Christina Kent, an assistant coach for the high school team, has also noticed this trend throughout her years of experience in the wrestling world adding, “Girls wrestling in general is still a developing sport and I feel in the U.S. it’s starting to evolve into a much bigger sport, but internationally, it’s still in its infancy.”
While Kent has travelled all over the U.S. for wrestling tournaments, her first trip abroad turned out to be an eye-opening experience that went well beyond athletics. Whether it was seeing bathroom prayer rooms during a brief stop in Dubai before arriving in South Africa, the decidedly reckless nature of taxi drivers in a foreign country, staying with local host families or a litany of new food experiences, the whole trip was an eye-opener for Kent.
“My first host family, it was in Cape Town, so they call them ‘coast people’ and they spoke one of those languages that clicks, Xhosa I think is what it’s called. And it took me awhile to figure out what language they were speaking and they’d turn to us and speak English and then turn around and speak Xhosa again with each other … but I got lucky and I had really good experiences with all my host families,” said Kent.
As a first time international traveler, Kent saw both the similarities and differences that define humanity and its myriad cultures and customs.
“It’s a very community-oriented country. So here our homes are kind of our homes and we stay in our homes and no one else comes over, but there you have people over for barbecues - they call them ‘braais’ - every night. Your friends just kind of walk into your house and are like, ‘Hey, we’re here!’, and they’re all kind of like one family, I guess.”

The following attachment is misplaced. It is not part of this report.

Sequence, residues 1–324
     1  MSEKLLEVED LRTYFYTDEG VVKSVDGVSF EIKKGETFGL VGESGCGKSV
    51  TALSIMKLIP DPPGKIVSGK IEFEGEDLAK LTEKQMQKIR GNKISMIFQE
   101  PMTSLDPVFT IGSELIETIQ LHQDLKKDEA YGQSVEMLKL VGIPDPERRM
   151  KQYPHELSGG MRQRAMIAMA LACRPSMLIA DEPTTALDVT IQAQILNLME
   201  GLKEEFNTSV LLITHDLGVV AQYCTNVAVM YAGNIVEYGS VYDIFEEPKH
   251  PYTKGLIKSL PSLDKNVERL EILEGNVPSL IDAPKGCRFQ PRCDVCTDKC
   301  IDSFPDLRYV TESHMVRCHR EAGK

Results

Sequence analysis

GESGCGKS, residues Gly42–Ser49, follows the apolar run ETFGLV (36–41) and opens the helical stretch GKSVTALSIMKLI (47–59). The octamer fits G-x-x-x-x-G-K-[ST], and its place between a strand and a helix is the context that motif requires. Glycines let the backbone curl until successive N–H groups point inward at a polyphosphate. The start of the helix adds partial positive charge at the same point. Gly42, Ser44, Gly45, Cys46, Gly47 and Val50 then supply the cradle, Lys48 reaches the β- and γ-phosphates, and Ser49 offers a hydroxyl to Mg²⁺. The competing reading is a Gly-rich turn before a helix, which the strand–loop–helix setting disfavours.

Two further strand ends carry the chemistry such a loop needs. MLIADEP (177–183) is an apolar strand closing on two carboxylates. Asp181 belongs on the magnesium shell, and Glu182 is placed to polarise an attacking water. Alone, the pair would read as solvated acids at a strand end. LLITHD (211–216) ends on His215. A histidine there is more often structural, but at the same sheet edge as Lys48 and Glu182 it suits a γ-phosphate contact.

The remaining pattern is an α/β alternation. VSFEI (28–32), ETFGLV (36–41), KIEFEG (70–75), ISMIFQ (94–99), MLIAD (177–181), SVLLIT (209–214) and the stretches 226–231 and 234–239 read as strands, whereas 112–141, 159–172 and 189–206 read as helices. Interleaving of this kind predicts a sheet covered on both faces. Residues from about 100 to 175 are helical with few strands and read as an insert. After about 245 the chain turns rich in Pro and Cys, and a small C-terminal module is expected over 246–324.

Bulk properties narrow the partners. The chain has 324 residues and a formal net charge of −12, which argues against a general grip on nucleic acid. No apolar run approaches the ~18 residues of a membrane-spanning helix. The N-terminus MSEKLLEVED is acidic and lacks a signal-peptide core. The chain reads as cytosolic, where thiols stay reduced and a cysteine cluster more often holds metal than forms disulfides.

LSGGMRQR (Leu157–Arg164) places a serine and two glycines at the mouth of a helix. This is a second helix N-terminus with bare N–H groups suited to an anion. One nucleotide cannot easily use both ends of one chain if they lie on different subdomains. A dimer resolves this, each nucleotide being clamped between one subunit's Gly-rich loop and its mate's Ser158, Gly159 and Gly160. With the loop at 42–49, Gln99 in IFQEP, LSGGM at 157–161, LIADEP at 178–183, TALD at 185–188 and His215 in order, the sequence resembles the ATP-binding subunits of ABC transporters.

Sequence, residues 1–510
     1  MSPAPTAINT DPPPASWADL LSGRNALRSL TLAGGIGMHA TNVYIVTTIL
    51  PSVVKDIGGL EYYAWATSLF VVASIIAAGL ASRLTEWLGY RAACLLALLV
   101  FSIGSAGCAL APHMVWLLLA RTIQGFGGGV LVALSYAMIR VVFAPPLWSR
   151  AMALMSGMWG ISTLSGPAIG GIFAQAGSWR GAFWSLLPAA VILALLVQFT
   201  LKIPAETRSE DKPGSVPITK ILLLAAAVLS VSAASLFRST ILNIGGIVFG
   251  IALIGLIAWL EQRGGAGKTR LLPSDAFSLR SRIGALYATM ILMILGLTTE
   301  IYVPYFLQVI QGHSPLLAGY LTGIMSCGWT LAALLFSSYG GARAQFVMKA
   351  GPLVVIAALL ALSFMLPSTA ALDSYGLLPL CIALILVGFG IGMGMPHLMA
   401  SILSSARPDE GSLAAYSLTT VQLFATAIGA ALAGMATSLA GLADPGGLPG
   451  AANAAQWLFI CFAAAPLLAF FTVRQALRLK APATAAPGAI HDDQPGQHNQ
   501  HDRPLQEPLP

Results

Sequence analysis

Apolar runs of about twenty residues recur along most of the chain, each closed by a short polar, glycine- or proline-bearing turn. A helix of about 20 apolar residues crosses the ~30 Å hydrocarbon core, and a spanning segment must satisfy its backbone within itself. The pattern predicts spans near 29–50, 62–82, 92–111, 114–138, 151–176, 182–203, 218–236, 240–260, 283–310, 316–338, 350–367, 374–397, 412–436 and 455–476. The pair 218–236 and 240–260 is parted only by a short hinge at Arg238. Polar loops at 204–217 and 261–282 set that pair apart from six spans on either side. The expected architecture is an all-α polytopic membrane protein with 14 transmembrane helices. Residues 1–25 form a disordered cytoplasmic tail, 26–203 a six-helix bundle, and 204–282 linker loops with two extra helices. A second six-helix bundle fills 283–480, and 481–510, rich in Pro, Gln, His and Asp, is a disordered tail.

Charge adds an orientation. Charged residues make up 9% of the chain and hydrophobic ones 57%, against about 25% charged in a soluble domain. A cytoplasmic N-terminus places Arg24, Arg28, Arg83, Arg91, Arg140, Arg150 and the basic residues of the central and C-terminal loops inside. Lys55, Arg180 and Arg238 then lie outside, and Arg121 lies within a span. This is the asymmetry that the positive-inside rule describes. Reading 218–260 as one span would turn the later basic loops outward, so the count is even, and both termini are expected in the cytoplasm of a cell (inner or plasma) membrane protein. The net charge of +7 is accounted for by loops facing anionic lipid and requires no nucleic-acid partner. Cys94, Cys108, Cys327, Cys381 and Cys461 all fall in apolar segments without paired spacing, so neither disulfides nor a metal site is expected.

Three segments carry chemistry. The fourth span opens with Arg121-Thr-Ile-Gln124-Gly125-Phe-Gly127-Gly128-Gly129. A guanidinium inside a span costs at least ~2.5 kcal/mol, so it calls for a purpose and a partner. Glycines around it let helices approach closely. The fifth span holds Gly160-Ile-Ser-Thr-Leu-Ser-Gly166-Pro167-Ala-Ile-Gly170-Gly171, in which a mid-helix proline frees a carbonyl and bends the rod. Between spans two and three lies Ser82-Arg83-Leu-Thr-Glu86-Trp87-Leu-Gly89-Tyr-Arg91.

This may be a different way of doing things than many Americans are used to, but Christina Kent emphasized that there were similarities there as well.
“Our house is kind of a revolving door, we have a lot of people come over. It’s very inviting and welcoming so I don’t think that would be too much of a culture shock for her,” added Christina.
When asked about her most memorable experience in South Africa, however, Adelle alluded to the power of travel that goes far beyond recreation and souvenirs.
“Probably going through the informal settlements. So the government kind of kicked everyone out of their houses to take the land … so these people went and built all these houses stacked on top of each other and they’re just one-room houses,” said Kent. “And we just saw kids running around in the street … these were kids I saw at wrestling practice the night before and they seemed like normal kids … but then we get there and see their house and it’s just a little shack, like sheet metal, so that was probably the most memorable experience of the trip.”
While this trip likely wraps up an incredibly busy few months for Kent - who has been home in Cottage Grove for only a matter of days this summer - her experiences in South Africa will surely help her for years to come in her long-term goal of becoming an Olympian.